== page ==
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Modern and Traditional Japanese Culture: The Psychology of Buddhism, Power Rangers, Masked Rider, Manga, Anime and Shinto. 在日イギリス人男性による日本文化論.

Wednesday, May 12, 2010


Children are Staples (Ko wa Kasugai)

Child and Child
Originally uploaded by timtak
There is a Japanese saying to the effect that "Children are Staples," ("ko wa kasugai" 子はカスガイ・鎹).

My son here is seen above holding a staple or "kasugai," shown in close up in photo bottom left, which is used to hold two pieces of wood together, see photo bottom right.

In Japanese culture, the love between men and women is seen as being beautiful and natural, but like most things in nature, not particularly permanent. Love, between women and men does not last forever. There is no bridge across forever, no soulmate, no happy end. Japanese love stories tend, or tended, to end in double suicide: the most romantic outcome that one can hope for, at least far more so than domestic bliss.

The love or at least the relationship between parents and children, between ancestors and their descendants is however seen as being eternal. Parents and offspring are considered to be indivisible. No one is born again. This goes for the relationship between children and both mothers and fathers.

So when a couple have a child, while their own emotions for each other may wax and wane, they will be irretrievable linked forever in the flesh of their flesh, their child.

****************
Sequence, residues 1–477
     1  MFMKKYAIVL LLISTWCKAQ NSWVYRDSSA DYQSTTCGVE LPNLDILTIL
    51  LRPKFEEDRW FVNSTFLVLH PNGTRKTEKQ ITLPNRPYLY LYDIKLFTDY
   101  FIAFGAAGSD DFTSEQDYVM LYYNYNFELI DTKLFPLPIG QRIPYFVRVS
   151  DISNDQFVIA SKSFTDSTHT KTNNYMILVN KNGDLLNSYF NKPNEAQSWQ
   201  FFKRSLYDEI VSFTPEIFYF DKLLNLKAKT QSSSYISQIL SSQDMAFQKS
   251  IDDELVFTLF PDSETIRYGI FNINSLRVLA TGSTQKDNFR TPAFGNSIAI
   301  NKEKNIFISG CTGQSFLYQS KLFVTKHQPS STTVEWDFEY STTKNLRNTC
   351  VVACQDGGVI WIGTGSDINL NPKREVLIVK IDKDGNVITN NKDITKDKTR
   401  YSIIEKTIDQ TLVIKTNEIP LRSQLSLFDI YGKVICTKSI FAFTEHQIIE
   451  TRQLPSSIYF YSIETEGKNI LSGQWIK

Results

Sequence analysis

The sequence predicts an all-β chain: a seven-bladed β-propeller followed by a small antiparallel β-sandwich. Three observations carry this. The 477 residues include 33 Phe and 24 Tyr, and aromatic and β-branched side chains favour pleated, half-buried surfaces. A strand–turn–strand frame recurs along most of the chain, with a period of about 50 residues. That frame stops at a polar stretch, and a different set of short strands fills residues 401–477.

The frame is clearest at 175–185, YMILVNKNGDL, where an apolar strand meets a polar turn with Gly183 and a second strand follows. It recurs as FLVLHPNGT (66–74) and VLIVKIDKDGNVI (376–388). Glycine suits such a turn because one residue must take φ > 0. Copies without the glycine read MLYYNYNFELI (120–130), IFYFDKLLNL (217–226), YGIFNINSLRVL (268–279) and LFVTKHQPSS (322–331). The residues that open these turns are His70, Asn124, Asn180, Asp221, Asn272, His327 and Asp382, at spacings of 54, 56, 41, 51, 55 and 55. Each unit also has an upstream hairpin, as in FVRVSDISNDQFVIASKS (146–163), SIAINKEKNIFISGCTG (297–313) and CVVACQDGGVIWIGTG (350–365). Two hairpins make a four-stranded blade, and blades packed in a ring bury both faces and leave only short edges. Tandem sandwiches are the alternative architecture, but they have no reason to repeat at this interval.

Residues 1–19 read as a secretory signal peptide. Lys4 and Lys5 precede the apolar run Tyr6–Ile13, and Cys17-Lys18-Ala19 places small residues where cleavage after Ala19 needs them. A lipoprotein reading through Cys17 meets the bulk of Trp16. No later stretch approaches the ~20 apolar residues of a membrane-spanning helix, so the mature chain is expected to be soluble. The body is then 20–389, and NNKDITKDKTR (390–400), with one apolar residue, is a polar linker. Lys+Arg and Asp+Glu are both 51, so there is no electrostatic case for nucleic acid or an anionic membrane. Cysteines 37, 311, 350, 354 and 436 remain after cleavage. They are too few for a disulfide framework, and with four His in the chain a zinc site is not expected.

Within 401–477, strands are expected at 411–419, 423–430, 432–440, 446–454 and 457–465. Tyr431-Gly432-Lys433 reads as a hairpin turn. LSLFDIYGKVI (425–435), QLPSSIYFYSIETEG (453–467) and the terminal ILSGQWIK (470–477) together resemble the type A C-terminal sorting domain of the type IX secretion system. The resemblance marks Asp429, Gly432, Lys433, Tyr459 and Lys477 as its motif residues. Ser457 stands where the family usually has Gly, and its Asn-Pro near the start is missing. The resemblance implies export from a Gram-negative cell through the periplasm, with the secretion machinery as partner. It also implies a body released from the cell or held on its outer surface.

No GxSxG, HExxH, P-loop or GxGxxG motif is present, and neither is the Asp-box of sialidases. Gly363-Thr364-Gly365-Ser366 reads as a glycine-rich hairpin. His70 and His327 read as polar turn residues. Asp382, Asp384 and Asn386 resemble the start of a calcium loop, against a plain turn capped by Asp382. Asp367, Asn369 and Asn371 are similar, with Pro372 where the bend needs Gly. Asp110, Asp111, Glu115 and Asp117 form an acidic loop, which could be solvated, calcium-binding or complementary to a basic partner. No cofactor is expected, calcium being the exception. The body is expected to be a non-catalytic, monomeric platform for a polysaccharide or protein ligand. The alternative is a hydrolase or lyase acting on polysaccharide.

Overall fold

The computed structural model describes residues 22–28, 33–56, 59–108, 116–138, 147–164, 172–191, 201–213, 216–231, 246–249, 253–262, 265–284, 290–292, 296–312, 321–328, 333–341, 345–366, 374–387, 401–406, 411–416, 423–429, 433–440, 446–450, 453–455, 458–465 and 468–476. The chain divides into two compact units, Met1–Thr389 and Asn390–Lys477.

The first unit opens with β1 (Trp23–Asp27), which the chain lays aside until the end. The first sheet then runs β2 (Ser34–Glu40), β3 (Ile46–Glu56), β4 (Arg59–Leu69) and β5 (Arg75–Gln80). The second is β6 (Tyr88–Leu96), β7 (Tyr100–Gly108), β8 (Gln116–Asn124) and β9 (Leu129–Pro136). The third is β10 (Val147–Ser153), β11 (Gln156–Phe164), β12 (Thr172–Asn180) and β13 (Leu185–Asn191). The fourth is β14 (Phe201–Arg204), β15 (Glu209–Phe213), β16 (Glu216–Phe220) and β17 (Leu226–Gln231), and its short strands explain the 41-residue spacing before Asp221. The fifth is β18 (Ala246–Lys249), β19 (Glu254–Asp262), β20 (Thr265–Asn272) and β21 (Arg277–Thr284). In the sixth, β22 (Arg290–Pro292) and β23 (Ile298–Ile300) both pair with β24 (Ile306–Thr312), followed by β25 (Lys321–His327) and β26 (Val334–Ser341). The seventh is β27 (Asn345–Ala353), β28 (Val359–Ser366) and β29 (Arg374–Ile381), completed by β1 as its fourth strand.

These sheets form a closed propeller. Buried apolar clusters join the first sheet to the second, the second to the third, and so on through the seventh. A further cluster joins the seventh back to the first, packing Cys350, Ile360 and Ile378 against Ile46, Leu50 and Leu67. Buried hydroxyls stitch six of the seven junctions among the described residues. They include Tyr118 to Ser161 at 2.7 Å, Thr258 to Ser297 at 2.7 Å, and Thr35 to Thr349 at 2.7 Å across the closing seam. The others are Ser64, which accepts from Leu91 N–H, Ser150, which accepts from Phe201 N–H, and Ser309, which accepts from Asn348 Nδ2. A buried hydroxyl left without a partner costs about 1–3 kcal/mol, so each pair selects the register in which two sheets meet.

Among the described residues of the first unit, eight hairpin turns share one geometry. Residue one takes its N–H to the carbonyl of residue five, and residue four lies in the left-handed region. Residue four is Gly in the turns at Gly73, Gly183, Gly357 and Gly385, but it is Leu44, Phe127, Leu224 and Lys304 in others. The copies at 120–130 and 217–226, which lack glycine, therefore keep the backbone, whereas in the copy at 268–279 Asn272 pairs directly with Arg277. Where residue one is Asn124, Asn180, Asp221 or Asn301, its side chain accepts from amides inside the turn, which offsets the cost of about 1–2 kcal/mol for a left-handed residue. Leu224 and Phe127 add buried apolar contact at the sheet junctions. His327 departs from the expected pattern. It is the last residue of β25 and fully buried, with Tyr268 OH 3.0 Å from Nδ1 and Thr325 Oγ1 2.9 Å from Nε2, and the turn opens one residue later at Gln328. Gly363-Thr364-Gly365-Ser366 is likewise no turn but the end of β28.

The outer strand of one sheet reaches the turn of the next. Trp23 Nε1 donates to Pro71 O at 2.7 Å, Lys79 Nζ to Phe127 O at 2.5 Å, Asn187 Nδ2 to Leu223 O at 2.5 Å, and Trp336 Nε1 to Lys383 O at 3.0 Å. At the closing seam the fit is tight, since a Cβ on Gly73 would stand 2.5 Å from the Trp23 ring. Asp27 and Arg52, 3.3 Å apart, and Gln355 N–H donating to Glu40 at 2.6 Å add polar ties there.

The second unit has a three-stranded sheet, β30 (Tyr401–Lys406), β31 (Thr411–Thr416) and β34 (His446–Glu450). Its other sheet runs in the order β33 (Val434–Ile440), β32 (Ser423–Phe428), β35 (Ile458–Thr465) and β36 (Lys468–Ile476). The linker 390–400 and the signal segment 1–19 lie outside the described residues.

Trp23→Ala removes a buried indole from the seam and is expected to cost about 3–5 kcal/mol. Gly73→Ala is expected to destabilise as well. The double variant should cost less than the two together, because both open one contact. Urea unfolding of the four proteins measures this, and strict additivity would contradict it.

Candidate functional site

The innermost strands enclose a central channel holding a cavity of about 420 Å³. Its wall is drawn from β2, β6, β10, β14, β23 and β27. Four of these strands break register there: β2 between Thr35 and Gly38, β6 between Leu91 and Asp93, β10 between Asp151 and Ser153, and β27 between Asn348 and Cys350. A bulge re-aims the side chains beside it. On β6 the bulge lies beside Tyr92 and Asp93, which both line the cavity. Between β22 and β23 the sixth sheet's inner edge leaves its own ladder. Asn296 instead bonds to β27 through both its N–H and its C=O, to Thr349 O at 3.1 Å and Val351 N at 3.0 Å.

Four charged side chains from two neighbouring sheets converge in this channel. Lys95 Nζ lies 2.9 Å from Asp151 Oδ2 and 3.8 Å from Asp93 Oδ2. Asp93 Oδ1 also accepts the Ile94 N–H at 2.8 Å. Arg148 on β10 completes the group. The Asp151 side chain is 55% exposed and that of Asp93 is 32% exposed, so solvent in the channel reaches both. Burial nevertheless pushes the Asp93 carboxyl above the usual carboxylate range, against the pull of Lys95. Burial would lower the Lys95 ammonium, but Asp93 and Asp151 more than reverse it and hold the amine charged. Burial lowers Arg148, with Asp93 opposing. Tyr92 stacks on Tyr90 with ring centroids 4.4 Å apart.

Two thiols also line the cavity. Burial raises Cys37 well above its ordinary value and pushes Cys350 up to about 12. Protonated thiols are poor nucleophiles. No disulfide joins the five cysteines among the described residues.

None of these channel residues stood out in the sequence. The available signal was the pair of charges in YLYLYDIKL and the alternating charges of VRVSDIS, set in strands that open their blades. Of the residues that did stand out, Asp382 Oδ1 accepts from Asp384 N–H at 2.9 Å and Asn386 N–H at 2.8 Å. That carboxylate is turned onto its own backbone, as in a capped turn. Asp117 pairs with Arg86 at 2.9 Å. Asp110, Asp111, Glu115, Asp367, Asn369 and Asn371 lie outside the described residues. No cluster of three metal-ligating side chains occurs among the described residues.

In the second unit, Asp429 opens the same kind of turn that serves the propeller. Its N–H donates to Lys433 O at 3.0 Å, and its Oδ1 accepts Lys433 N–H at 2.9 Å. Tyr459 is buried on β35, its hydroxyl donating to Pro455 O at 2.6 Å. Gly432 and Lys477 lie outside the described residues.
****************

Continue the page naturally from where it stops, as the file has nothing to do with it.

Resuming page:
Hence, just as a staple can be used to join two pieces of wood together, so a children are considered to be like staples that join their parents together forever.

Westerners on the other hand are more likely to believe in the possibility of enduring love between men and women, through the transcendence of sexual difference. This hope, that there can be a bridge across forever, is perhaps dependent upon the repression of sex (much less festivals which celebrate sex), which is taboo, repressed, something to be sublimated into a unisex, shareable, idealised "love". I don't think that I need to refer to any particular cultural phenomenon to persuade Anglophones that Western culture is awash dreams of love. Oh, love.

While the Japanese believe that their view is natural, it may be dependent upon the repression of childbirth (seeing it, the desire for it, expressions of child birth, much less festivals which celebrate childbirth), which is taboo, repressed, and sublimated into a unisex, shareable and idealised "parent-child-love". While ancestor worship, or ancestor veneration, is carried out behind closed doors, the clearest expression of the cult of parent child love in Japan, is in the "monstrous" hegemony of cute found in Japan.

Related there are
Children are the shackles of this world and the next (ko ha sankai no kubikase 子は三界の首枷, こはさんかいのくびかせ) which refers to pretty much the same thing.

childChild and parents

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Nice post. I enjoyed reading your take on "ko wa kasugai."

Did you know there is a rakugo story by the same title? It is quite touching.

Thank you. No, I did not know that. Can you do it, and post it to Youtube?!
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This blog represents the opinions of the author, Timothy Takemoto, and not the opinions of his employer.